*                         and which ones are displayed in the button-bar. Default buttons do not show the Bug and Feature buttons because you are
       *                         likely to already have a way to get bug and feature reports (most of the time, it is a bugs.kde.org account).
       *                         If you do not have that, then use the value LikeBack::AllButtons to show every possible buttons.
       * @param showBarByDefault Determines if the floating button-bar should also be shown, in addition to the action in the Help menu.
       *                         Advise: to avoid getting too much noise, enable it only if it is a small application or a development release.
       *                         Notes: This is only a default value, the user will be able to enable or disabled the bar afterward.
       *                         The button-bar display is stored by version. On a new version, your default value will take effect again.
       *                         This allow you to disable the button-bar once the version is stable enought to be released as final.
       * @param config           Set the configuration file where to store the user email address and if the button-bar should be shown.
       *                         By default (null), the KApplication configuration object is used.
       * @param aboutData        Set the KAboutData instance used to get the application name and version. By default (null), the KApplication about data object is used.
       *                         The application name is only used in the first-use information message.
       *                         The version is used to store the button-bar visibility per version (can be shown in a development version but not in a final one...)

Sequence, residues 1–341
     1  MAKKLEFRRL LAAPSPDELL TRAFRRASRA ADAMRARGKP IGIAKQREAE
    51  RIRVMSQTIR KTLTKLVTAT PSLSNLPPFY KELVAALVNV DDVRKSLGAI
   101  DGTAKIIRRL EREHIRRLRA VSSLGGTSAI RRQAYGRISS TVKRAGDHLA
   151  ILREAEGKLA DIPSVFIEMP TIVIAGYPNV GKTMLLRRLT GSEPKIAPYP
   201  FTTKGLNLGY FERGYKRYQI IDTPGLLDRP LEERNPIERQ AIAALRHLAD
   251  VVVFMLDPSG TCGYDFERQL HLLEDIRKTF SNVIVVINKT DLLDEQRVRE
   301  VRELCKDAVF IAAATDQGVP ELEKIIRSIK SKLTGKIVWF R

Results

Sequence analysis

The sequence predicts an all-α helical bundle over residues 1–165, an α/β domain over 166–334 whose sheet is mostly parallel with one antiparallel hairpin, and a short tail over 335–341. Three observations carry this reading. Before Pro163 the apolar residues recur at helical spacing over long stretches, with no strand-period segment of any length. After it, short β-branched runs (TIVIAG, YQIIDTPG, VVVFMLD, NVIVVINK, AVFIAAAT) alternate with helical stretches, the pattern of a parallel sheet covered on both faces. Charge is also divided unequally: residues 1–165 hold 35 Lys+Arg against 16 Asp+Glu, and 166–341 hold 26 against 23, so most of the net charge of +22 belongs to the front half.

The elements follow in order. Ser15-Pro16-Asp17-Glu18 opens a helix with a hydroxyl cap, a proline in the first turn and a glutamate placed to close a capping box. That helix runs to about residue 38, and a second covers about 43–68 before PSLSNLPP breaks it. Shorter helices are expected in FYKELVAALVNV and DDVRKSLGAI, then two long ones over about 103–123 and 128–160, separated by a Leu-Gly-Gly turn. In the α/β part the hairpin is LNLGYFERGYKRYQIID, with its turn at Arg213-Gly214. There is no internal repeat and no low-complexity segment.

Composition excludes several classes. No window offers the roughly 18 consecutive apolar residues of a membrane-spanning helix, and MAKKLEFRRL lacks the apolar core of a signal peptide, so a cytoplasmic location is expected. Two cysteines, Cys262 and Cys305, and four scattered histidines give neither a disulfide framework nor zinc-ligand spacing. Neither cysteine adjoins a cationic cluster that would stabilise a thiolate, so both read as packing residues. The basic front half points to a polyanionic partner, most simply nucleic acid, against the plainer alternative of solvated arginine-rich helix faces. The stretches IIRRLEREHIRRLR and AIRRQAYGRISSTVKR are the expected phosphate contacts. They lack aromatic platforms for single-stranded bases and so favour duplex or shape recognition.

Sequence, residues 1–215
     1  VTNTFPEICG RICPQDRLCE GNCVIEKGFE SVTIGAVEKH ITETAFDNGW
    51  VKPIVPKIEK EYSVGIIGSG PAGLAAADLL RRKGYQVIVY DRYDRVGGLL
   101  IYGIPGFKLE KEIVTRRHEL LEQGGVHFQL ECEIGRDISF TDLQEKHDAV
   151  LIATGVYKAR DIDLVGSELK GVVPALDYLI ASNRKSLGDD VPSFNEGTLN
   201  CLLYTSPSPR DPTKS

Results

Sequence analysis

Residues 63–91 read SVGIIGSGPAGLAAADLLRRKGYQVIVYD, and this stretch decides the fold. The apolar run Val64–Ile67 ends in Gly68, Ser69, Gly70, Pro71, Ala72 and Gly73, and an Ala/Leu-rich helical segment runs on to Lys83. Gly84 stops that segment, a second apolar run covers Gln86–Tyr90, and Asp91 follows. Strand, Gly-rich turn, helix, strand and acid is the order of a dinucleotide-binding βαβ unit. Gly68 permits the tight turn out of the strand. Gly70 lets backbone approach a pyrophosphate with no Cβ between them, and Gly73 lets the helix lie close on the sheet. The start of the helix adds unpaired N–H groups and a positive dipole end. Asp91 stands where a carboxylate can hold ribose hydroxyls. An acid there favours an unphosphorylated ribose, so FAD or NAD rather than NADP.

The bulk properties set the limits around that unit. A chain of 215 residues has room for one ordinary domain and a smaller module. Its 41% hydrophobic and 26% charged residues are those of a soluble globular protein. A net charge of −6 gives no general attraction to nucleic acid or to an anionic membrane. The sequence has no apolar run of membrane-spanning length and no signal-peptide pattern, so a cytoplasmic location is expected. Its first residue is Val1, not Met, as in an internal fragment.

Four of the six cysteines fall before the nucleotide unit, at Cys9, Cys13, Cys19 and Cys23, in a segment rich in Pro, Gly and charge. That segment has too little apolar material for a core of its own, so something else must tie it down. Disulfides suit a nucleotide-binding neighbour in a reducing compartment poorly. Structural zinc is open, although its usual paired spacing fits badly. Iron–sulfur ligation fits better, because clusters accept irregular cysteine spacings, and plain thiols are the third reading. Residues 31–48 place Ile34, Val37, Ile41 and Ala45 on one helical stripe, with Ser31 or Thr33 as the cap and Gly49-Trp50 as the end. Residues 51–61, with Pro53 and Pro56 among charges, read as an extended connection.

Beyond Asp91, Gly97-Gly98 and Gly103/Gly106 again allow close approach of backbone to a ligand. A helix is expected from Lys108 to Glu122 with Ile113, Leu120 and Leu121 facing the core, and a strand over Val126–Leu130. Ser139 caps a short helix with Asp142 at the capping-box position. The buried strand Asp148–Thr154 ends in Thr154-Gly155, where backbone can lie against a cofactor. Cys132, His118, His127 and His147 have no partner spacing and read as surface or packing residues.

*                         and to send with the comment, so you can filter per version and know if a comment refers the latest version of the application or not.
       */
      explicit LikeBack(Button buttons = DefaultButtons, bool showBarByDefault = false,  KConfig *config = 0, const KAboutData *aboutData = 0 );

      /**
       * Destructor.
       * Also hide the button-bar, if it was shown.
       * Be careful, the KAction is deleted. Do not use it afterward, and take care to unplug it before destroying this LikeBack instance.
       */
      ~LikeBack();

      /**
       * This method is interesting while setting up the system for the first time.
       * LikeBack send the current window name (and hierarchy) with the comment. This allows you to put the comments in theire context.
       * So, of course, you are encouraged to give a name to your windows. It is done in the constructor of the widgets.
       * This method allows to output the name of the current window to the standard output.
       * So you can use the application, open all the windows, and when you see a warning, you know which window you should assign a name.
       * @see The WindowListing flags for an enumeration and explaining of every possibilities.
       * @note If you do not name your windows, the name of the classes will be sent. So it is not that grave.
       */
      void setWindowNamesListing(WindowListing windowListing);

      /**
       * @returns The window listing flag.
       * @see setWindowNamesListing()
       */
      WindowListing windowNamesListing();

      /**
       * By default, only English comments are accepted. The user is informed she must write in this language by a sentence placed in the comment dialog.
       * If you have people talking other languages in your development team, it can be interesting to call this method to define the accepted locales (languages),